20 Things You Didn’t Know About... DNA

IDing crooks from the DNA in their fingerprints, the 8 percent of our genome that came from viruses, and the plant that laughs at our puny genetic endowment.

By Kirsten Weir|Monday, June 13, 2011
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dna1
Illustration by: Jonathon Rosen

Sorry, Jimmy: James Watson and Francis Crick did not discover DNA. That honor goes to Swiss biochemist Friedrich Miescher, who in 1869 found the molecule in the nuclei of white blood cells and called it nuclein.

Nor did they figure out that DNA is our genetic blueprint; bacteriologist Oswald Avery and his colleagues did that in the early 1940s.

What Watson and Crick did do, in 1953, was decipher the double-helix structure of DNA. Their discovery ran as a single-page paper in Nature.

Phosphorus is a key component of DNA, but late last year a team of NASA scientists published a controversial study reporting that they had found a bacterium that could use arsenic instead. “What else can life do that we haven’t seen yet?” wondered lead researcher Felisa Wolfe-Simon.

Don’t try this at home: If uncoiled, the DNA in all the cells in your body would stretch 10 billion miles—from here to Pluto and back.

Most of that DNA resides not in the cell nuclei, which control heredity, but in our mitochondria, the organelles (units within cells) that generate metabolic energy.

Aside from bacteria, the smallest genome belongs to the intestinal parasite Encephalitozoon intestinalis, with a trifling 2.3 billion base pairs.

Scientists are working to create vaccines against HIV, flu, and hepatitis C from snippets of synthetic DNA; the DNA tricks the body into producing harmless viral proteins that train the immune system to attack real viruses.

10  DNA vaccines for West Nile virus, melanoma, and hemorrhagic disease are already available for horses, dogs, and salmon, respectively.

11  At the Chinese University of Hong Kong, fetal DNA was extracted from a pregnant woman’s blood plasma and tested for Down syndrome. Prenatal DNA screening could someday replace amniocentesis.

12  Telomeres, sequences of DNA at the tips of chromosomes, get shorter every time a cell divides; when they get too short, the cell dies. Some scientists are trying to extend life by extending the telomere.

13  Good news if you’re a mouse: Researchers at Dana Farber Cancer Institute in Boston engineered mice with telomerase (an enzyme that adds DNA to telomeres) that could be switched on and off. With the enzyme activated, the mice grew new brain cells and lived longer.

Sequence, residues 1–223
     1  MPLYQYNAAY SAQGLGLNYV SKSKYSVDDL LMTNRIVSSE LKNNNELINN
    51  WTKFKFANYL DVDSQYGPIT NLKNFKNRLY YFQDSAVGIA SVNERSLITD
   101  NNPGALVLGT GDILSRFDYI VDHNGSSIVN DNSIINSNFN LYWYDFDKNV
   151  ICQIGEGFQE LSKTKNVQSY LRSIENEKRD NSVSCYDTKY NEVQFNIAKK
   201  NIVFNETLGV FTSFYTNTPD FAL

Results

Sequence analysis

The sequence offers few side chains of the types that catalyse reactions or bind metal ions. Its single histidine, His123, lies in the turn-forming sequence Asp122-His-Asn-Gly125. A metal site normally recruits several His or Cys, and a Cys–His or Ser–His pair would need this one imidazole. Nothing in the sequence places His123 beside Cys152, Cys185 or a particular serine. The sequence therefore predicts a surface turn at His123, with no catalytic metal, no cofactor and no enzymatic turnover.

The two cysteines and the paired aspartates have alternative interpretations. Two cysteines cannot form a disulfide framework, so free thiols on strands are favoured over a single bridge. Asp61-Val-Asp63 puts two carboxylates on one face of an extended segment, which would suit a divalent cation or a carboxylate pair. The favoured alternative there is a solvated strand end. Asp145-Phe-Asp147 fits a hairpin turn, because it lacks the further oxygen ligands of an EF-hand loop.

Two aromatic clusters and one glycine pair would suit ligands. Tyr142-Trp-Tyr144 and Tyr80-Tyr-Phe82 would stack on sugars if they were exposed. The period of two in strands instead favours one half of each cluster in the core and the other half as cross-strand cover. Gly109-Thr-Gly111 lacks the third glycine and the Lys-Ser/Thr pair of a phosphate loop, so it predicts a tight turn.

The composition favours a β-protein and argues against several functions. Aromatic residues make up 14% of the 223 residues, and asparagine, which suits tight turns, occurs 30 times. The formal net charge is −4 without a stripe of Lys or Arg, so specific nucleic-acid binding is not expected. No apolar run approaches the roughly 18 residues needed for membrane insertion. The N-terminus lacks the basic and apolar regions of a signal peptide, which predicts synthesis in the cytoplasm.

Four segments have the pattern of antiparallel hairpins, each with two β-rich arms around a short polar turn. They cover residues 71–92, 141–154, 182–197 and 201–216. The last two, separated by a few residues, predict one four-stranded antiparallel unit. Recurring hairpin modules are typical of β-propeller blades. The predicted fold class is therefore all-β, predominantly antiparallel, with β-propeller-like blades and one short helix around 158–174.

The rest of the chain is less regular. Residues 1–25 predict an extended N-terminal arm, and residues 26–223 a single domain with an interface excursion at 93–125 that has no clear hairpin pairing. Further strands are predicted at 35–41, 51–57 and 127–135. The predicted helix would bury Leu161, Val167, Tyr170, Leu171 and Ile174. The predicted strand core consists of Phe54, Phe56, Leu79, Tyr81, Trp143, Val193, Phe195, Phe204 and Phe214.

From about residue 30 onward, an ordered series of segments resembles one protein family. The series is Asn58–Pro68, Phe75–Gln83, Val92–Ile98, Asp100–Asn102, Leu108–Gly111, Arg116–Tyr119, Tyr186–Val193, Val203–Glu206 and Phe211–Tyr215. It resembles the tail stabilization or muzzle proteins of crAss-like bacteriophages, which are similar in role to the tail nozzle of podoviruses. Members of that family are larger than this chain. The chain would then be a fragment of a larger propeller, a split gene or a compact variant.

14  Bad news if you’re a mouse: Scientists at Osaka University recently developed mice that are especially susceptible to DNA copying errors, seeking to increase the rate of mutations and see what new traits appear.

15  The results so far include short-legged mice, mice with fewer toes than normal, and mice that chirp like songbirds.

16  Guess who’s in your DNA? At least 8 percent of the human genome originated in viruses, whose genetic code was integrated with ours over roughly 40 million years of primate evolution.

17  Over the next five years, the International Barcode of Life Project aims to establish genetic identifiers for 500,000 species—short sections of unique DNA in the same location on the genome, a bit like the UPC on your box of Froot Loops.

18  Already, forensic specialists can identify criminals from traces of “touch DNA” left in finger­prints at a crime scene.

19  Next up: food forensics. British microbiologists sequenced DNA to identify the bacteria in a round of Stilton blue. They found that at least six microbial groups influence the flavor of the cheese’s “dairy matrix.”

20  And scientists at the University of Guelph in Ontario showed that DNA from the worm (actually an agave butterfly caterpillar) traditionally placed in bottles of mescal leaches into the liquor. So now we know: You don’t actually have to “swallow the worm” to swallow the worm.

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